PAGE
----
In other, other news, this racking cough that I’ve had for two weeks CAN FUCK RIGHT OFF.

June moon spoon dune

Right, after running myself a bit ragged at the Emerging Writers Festival last weekend, the sensible thing would be to rest and recharge for a bit before going onto the next thing.

But ‘sensible’ is a dirty word in The O’Duffy Dictionary, one of several significant errors that have made it almost impossible to sell the damned thing. And because of this I’m jumping back into word action like Batroc the Leaper going to a poetry slam.

First up, Continuum! I have my program details, so here’s where and when you can catch me being on a panel and sounding all clever and writerly despite the fact that I wear shoes with Batman symbols on them.

  • 9pm Friday – I Don’t Get It: Why is it that some fans just don’t like what everyone else does? And who better to ask than me, a person who doesn’t like anything? But I don’t hate much either, so rather than just reciting all the things I don’t care about, like Star Wars and Harry Potter, the other panelists (Peter Ball, Alan Stewart, Ian Nichols and Deborah Biancotti) are hopefully also going to talk about fan tribalism, internet belligerence and how silly it is to ‘hate’ a piece of media.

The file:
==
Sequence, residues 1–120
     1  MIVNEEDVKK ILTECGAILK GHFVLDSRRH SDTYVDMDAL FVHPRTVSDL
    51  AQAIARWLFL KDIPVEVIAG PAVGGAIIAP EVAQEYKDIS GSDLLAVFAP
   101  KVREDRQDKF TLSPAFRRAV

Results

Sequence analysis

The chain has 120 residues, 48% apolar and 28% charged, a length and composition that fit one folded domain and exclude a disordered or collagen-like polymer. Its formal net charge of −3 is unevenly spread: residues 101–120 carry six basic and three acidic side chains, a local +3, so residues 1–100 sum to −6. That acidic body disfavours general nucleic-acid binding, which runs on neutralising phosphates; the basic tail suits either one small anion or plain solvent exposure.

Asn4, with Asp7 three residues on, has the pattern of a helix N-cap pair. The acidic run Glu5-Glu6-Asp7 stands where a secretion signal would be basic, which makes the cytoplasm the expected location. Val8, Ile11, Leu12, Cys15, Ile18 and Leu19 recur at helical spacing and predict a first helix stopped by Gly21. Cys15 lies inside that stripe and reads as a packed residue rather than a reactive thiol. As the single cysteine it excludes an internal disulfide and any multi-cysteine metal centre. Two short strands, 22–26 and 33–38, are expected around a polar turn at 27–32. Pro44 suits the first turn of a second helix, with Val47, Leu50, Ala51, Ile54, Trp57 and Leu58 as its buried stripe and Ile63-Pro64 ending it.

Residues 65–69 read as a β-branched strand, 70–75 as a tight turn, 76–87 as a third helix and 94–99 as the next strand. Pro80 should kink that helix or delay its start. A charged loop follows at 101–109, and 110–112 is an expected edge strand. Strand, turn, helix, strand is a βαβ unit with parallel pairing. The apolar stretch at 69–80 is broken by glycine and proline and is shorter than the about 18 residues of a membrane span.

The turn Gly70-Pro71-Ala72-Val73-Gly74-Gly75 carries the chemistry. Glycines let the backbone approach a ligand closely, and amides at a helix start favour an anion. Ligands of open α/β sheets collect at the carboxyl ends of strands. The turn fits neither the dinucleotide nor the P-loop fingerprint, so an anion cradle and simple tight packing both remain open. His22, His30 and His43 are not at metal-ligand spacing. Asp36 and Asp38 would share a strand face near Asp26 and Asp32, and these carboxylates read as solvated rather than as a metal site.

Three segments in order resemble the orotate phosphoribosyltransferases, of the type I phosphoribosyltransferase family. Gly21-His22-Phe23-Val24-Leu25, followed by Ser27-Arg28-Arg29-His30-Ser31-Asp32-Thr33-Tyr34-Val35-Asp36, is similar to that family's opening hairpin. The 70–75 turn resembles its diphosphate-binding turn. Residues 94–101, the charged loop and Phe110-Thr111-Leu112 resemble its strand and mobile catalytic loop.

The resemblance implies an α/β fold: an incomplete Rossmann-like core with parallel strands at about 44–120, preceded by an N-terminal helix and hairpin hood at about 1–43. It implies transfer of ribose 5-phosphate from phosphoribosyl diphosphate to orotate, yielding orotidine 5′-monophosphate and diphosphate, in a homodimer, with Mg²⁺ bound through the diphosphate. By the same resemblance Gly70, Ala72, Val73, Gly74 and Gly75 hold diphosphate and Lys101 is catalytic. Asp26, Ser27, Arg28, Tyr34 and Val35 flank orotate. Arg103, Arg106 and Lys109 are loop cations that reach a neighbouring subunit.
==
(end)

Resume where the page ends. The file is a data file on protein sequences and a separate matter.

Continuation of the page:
• 9am Saturday – Everything Old is New Again: AH GOD I HATE THE DC COMICS REBOOT SO MUCH AND YES I AM AWARE OF THE IRONY THANK YOU VERY MUCH. I’ll be talking to Ian Mond and Grant Watson (one of whom apparently likes the New DC 52) about just much the DC Reboot has sucked, how reading Geoff Johns’ Justice League made me hate characters I’ve loved for decades and why female, gay and POC readers might think DC’s vaunted ‘diversity’ tastes like a bowl full of lies and dirty hair.